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Members of the local political watchdog group Eye on Sacramento filed a lawsuit in Sacramento County Superior Court Thursday seeking a court order compelling City Clerk Shirley Concolino to accept their ballot argument opposing the tax increase measure on the November ballot.
The suit, filed by EOS board members Craig Powell, Greg Hatfield and Erik Smitt, claims that, when Mayor Kevin Johnson failed to submit an opposing ballot argument before the deadline, members of the public should have been allowed to submit their own ballot arguments.
“No one dreamed that the Mayor might fail to discharge his official duty to submit an argument against Measure U," Powell said in a press release Friday.
Steve Maviglio, Johnson’s 2012 campaign manager, said in an email Friday that an opposing ballot argument was submitted by the mayor’s office, but it was late because of confusion over deadlines.
“The clerk established two deadlines: one for the charter commission and another for ballot measures,” Maviglio said in the email. “It was a simple mistake by staff that confused the two deadlines, resulting in the argument being turned in hours past the deadline.”
Johnson was tasked with writing the ballot argument – at his request – at the July 31 City Council meeting. Johnson had until the Aug. 9 deadline to turn in the written argument opposing the measure, but missed that deadline.
City councilmen Steve Cohn, Kevin McCarty and Darrell Fong were assigned the supporting ballot argument, which was submitted before the deadline and will be included in Nov. 6 sample ballot materials, according to the city clerk’s elections website.
Under state law, a council member’s ballot arguments get priority over all other arguments in sample ballot materials, according to Powell. Election officials must include that council member's argument in sample ballots and reject all other arguments submitted by the public sharing the same position, he said.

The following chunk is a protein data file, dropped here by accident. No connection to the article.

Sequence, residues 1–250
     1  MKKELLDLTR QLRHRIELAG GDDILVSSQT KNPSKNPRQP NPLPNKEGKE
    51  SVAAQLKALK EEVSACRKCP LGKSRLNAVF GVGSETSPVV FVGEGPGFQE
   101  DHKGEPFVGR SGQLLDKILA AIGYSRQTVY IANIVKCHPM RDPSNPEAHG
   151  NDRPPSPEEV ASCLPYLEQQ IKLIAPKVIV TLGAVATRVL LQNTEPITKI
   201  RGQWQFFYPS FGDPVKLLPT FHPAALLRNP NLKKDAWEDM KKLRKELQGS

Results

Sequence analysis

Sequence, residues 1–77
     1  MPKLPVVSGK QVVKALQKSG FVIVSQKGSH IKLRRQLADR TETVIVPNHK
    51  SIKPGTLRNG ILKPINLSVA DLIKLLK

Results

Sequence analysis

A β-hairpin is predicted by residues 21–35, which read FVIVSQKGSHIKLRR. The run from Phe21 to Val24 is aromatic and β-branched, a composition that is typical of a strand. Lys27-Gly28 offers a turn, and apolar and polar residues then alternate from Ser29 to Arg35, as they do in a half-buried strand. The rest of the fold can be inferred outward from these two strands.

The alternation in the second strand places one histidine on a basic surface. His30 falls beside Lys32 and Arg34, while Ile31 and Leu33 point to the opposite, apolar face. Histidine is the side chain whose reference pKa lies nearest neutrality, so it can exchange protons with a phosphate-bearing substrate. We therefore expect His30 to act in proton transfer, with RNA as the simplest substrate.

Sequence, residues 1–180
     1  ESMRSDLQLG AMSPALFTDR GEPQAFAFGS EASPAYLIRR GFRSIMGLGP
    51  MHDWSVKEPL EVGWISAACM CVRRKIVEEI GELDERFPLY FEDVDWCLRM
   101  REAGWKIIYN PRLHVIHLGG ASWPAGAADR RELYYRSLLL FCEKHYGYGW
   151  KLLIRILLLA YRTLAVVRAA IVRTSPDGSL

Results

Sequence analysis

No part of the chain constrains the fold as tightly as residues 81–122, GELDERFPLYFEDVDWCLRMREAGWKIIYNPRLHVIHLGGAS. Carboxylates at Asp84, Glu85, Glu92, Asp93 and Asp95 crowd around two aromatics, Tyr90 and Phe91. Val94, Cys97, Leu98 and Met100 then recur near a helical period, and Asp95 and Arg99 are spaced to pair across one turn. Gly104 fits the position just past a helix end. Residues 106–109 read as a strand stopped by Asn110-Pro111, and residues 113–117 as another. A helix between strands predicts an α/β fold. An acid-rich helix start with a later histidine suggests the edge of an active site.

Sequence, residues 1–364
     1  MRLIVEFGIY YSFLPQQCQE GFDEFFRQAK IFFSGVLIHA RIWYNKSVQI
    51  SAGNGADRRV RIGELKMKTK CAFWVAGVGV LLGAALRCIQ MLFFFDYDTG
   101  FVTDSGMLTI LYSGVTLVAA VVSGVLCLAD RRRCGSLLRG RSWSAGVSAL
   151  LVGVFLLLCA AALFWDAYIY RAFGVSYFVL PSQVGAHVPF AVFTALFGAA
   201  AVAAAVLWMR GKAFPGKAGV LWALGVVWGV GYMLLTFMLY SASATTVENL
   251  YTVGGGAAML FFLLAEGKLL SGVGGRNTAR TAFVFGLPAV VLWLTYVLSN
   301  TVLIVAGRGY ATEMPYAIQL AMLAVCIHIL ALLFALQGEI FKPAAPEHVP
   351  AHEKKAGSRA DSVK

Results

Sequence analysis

In light of state law and Johnson’s decision to write the ballot argument opposing the tax measure, Powell said members of the public who had worked on their own ballot arguments – Eye on Sacramento included – halted their efforts and didn’t submit any statements.
Once the deadline to file ballot arguments passed and there was no opposing argument, however, Powell said he and others “pleaded with the city clerk” to extend the filing deadline. The lawsuit was filed, Powell said, in response to the request for filing extension being denied.
"If this city official's decision blocking access to the ballot is allowed to stand, Sacramento voters will be unjustly cheated out of their basic democratic right to weigh both the ‘pro’ and ‘con’ arguments on the city's own proposal to raise sales taxes," Powell said.
Calls and emails to the mayor’s office and the city clerk’s office for comment were not returned.
All of the Nov. 6 ballot measures can be found on the City Clerk's Elections website.
Here is the full text of the Eye on Sacramento lawsuit filed Thursday:
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